Do You “Speak Easy”?

a scene of the show Seinfeld showing Kramer in the foreground

I love the sitcom Seinfeld very much, at least the first few seasons. A lot of wisdom in my life comes straight from the TV show. 

The Contest aside (the most famous episode of Seinfeld), there are lots of things worth remembering from that show, but one that hit home was the one from Seinfeld’s comic bit:

“I saw a study that said speaking in front of a crowd is considered the number one fear of the average person. Number two was death. This means to the average person, if you have to be at a funeral, you would rather be in the casket than doing the eulogy.”

Just allow me to talk, and I promise you will regret it. God save you if you happen to be a close friend AND ask to have a chat! 

I have been asked very politely to stop talking and (hyena) laughing. On one occasion at work, a colleague came from the other side of the floor, a couple of medium-size meeting rooms away, enquiring about the culprit making that sound. 

The irony of it was that I was the first person she asked. 

That lady didn’t know it was me (at least that’s what I told myself!). Having had my laughter compared to a hyena’s, it hurt because of how villainous they were to Simba and his dad in The Lion King. Growing up, they topped my “enemy animals” list.

Anyway, long story short, I have now accepted that I laugh that way and have learned not to take offense when someone accidentally points that out to me. 

As for talking, in all likelihood, I have probably convinced you about my potential of the pace with which I can pour out the mind-numbing stuff.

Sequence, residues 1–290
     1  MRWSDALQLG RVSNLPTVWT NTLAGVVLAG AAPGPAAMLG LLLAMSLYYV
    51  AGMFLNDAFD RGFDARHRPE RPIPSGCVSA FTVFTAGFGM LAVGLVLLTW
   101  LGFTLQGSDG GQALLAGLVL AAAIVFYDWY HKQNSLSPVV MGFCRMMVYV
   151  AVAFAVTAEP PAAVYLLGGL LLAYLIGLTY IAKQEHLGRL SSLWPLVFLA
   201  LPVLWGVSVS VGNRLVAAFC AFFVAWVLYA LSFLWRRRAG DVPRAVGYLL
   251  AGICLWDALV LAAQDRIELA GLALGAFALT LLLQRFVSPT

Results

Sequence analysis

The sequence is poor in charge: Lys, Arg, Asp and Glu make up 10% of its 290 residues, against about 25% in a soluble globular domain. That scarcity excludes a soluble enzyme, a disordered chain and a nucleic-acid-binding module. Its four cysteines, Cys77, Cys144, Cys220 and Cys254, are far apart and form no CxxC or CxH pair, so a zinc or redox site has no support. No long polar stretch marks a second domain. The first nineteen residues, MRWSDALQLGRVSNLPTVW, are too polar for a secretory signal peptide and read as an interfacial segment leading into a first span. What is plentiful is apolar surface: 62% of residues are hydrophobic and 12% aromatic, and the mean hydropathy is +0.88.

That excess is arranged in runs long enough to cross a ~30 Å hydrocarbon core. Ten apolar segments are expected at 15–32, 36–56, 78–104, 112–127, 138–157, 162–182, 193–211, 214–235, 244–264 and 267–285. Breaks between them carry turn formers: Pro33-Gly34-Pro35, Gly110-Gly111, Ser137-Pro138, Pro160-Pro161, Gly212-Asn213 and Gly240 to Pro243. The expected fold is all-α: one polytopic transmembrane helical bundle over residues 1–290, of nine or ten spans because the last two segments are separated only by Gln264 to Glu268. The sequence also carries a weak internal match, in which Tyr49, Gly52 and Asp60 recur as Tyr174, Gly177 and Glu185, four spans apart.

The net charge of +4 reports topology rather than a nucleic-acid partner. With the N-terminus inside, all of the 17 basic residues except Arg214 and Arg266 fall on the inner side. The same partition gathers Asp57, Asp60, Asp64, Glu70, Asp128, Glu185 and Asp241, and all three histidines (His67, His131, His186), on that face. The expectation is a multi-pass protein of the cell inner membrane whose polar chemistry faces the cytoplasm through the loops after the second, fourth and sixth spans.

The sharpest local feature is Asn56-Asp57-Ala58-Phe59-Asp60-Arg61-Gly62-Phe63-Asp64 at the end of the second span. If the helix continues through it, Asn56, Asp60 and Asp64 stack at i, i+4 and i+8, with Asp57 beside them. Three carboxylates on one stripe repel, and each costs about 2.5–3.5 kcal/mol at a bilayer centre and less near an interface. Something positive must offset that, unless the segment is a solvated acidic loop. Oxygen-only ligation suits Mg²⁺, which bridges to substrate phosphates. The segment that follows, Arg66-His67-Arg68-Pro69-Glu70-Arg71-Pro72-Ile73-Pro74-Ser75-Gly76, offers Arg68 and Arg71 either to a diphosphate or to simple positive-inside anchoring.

Having accomplished that, I will get to the point.

The point is that there is some truth to the notion that people detest public speaking. 

I am no personal trainer, so I can only speak from my own experience, either receiving presentations or delivering them. Curiously, I find myself reasonably comfortable in either of the situations below:

  1. You are my friend, and I know nothing about the topic at hand 
  2. You are not my friend, and I know everything about the topic at hand 

In the former case, despite no knowledge or agenda of where the conversation is headed, I can talk endlessly mostly because my friends are darlings, and I know they will not judge me if I make mistakes. 

I made sure not to befriend the grammar police. I don’t like them much, mostly because I can never get my sentences right (enough for them).

I would be primarily comfortable in the latter case because I know the content pretty well, even if I don’t know the people I am doing the presentation for. 

Please don’t try going by Shawn Mendes’ advice in his song “Nothing holding me back”; picturing your audience rather unclad isn’t going to help.

And wouldn’t public speaking be a cakewalk if it was always either of the two scenarios above? 

But who am I kidding? 

These are extremes on a spectrum. Most of the presentations I have to do are to strangers and about the topics that I am not an expert on. I have no friendly faces to find solace in, and neither is my knowledge of the topic 100%. So double whammy! 

So to conquer my fear of making a complete fool of myself in a conference room full of people that have authority to have me fired, I find myself turning to age-old Buddhist advice of finding the middle path, a way between the comfortable extremes – the one where I imagine a few friendly faces in the sea of strangers and convince myself that despite my less than 100% command of the content, no one is posing a question that I am going to be (fully) stumped by. 

At the very minimum, the synapses are going to respond to my brain’s request of at least being able to manage ‘I don’t have the answer for you right now, but I will be sure to get back to you on this”. 

It’s counterintuitive, but what also seems to help is me saying “Devil may care” right before I start my rant, a.k.a presentation. That appears to talk me off the ledge.

I am still somewhere within the extremes, much closer to the hopeless novice than the silver-tongued charmer, but I know that I would rather be alive and talking than be dead and be talked about. 

No offense to Seinfeld. 

Hee. Hee. Hee.


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